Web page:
Back to Basics: End Punctuation
Today's lesson is perhaps one of the simplest of the basics of English composition: end punctuation. The marks used at the end of a sentence should be familiar to anyone who has studied English, but when and where to use them can still cause a bit of confusion now and again. So today we will go over when to use which punctuation mark at the end of your sentences.
What are all the marks that can be used to end a sentence?
The period, exclamation point, and question mark are the different punctuation marks that can be used to end sentences.
How do I know which one to use?
Let's start with the more specialized marks to keep things as simple as possible.
If the sentence is a question, you need a question mark.
When are we leaving?
What is your favorite color?
How do you do?
If the sentence conveys a great deal of excitement, vehemence, worry, or any other excess of emotion where it is likely to be yelled or said with a great amount of feeling, an exclamation point may be used.
The roof is on fire!
Stop running around the pool!
I made the team!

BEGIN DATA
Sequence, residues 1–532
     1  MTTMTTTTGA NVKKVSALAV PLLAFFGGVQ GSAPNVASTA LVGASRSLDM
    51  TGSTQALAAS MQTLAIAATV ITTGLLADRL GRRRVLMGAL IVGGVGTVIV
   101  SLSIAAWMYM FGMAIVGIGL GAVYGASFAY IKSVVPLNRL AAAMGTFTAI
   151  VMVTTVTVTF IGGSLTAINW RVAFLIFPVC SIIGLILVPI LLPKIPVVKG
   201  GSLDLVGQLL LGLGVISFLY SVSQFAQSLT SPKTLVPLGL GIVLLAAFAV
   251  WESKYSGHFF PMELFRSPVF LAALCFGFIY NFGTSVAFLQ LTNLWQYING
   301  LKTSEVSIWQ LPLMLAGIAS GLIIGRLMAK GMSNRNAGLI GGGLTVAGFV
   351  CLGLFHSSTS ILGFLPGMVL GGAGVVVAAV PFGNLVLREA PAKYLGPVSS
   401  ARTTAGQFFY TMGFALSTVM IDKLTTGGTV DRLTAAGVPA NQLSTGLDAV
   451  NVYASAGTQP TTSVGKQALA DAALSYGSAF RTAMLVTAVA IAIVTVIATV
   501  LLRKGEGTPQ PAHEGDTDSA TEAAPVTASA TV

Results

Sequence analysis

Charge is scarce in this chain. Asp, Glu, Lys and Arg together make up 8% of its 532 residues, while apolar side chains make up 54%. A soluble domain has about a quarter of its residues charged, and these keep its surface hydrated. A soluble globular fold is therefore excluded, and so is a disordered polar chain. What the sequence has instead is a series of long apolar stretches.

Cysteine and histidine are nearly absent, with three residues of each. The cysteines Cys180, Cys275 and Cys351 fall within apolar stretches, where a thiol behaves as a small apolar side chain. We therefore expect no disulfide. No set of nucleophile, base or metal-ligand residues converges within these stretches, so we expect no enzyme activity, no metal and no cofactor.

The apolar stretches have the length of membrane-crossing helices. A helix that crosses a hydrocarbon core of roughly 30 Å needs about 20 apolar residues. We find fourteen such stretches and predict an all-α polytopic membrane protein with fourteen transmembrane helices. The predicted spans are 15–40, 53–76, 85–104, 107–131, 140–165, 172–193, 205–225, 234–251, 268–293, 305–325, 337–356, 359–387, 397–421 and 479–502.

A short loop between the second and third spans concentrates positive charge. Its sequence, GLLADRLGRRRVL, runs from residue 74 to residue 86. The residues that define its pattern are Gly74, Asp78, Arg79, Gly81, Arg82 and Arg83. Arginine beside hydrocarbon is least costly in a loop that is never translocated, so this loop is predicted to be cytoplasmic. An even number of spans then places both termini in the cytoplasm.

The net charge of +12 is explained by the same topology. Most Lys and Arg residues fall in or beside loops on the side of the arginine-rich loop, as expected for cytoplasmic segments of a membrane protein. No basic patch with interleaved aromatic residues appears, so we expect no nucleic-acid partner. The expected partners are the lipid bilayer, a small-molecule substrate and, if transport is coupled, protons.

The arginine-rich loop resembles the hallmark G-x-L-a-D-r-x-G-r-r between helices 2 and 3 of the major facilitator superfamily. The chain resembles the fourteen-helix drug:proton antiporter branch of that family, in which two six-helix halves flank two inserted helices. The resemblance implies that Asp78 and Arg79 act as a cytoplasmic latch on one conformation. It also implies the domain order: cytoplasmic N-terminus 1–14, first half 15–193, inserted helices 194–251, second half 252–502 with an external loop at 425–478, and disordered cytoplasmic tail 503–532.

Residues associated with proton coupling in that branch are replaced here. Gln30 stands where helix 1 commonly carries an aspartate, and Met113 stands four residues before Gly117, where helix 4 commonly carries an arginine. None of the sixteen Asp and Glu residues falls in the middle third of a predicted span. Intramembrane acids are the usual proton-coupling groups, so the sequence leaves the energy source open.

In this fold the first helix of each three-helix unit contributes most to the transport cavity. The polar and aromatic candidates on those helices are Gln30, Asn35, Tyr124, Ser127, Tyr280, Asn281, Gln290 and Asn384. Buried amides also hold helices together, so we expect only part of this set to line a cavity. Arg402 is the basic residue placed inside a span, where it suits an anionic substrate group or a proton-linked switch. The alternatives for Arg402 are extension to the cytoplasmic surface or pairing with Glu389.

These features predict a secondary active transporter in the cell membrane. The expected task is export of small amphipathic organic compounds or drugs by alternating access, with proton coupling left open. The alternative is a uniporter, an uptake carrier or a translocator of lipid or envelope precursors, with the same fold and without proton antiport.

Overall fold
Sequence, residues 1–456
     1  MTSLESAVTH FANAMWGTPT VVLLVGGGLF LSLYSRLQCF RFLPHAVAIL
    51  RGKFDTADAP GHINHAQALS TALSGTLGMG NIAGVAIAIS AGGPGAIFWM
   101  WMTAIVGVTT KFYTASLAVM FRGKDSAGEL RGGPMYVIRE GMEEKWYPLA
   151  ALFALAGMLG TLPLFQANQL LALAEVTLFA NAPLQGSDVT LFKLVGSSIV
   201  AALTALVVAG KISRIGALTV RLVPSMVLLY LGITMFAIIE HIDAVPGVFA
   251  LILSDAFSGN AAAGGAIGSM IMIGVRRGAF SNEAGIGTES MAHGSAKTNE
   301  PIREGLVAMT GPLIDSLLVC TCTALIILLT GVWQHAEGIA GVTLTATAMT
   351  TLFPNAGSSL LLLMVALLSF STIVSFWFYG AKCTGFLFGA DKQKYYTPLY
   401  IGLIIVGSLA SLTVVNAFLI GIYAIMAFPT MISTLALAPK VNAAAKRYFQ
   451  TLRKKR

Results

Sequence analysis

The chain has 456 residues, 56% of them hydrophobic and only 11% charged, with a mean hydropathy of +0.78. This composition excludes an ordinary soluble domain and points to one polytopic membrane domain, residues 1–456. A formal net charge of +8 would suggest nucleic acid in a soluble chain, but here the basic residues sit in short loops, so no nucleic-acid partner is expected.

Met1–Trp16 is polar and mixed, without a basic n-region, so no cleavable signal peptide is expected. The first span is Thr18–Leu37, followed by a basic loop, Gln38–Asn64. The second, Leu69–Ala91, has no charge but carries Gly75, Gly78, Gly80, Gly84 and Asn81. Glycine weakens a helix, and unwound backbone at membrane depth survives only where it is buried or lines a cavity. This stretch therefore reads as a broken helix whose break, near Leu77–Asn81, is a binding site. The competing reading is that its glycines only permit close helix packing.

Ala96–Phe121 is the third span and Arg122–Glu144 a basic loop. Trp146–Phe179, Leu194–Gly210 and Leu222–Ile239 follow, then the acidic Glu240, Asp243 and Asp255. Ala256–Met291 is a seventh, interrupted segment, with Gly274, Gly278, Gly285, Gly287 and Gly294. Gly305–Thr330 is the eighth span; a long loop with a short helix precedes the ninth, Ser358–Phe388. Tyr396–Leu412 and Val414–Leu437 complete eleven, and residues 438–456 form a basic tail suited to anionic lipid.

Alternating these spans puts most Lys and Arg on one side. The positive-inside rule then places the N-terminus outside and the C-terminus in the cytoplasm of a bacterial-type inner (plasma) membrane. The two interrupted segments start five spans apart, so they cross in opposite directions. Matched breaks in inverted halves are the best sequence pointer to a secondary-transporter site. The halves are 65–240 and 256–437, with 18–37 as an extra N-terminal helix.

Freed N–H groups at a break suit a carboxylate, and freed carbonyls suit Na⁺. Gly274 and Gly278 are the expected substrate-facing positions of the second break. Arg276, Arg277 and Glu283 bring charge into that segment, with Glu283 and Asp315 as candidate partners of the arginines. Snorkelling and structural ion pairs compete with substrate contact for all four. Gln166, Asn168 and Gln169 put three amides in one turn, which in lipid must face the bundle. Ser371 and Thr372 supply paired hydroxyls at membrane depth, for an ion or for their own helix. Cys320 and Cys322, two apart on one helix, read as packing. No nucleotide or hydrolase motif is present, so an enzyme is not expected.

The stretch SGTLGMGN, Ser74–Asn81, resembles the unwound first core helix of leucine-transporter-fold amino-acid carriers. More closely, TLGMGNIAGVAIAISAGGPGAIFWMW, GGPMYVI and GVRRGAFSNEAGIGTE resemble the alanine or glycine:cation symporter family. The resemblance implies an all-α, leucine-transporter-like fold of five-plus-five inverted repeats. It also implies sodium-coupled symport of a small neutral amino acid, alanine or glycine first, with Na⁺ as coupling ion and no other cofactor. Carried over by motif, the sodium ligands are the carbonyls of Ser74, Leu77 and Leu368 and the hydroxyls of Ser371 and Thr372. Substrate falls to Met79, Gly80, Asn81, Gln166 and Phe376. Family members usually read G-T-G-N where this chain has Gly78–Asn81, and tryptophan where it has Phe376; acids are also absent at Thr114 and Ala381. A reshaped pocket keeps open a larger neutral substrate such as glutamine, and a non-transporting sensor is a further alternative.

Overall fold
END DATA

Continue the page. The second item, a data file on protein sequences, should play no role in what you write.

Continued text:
However, exclamation points should be used sparingly to retain their impact. Just think about it. Would you listen to someone who yelled everything they said? No, you'd probably get tired of them after a sentence or two and wander away, turn off the video, or put down their paper or book.
And for the sake of your credibility and the readability of your work, never use more than one exclamation point per sentence. It doesn't add emphasis. It just makes you look silly at best and illiterate at worst, depending on your audience.
End all other sentences with a period. The rule states they should be used for declarative sentences, which means it states a fact or makes a declaration of opinion. So, every sentence ever written or spoken that's not a question or exclamation in other words. The period is the catch all of end punctuation, and almost all of your sentences should end in one.
But what about...?
As with all things in the English language, there are bits that can be confusing. Let's go over them.
What do you do when a sentence is both a question and an exclamation? Just use an exclamation point. Questions are easier to pick up through word choice than an exclamation can be, so they are more easily omitted while still making the sentence understandable. There isn't a time when double end punctuation is used in formal writing, and I wouldn't suggest using the question mark, exclamation combo outside of text conversations with close friends and relatives who aren't going to judge you on the laps in grammar.
There is the interrobang, which is a mark that combines a question mark and an exclamation mark into this thing that looks kind of like a lobster clasp, but it's doesn't come on the standard keyboard. Besides, it's not needed when your writing is clear. Write the sentence so your reader cannot help but realize it is a sentence, and end with an exclamation to show it should be read with emphasis.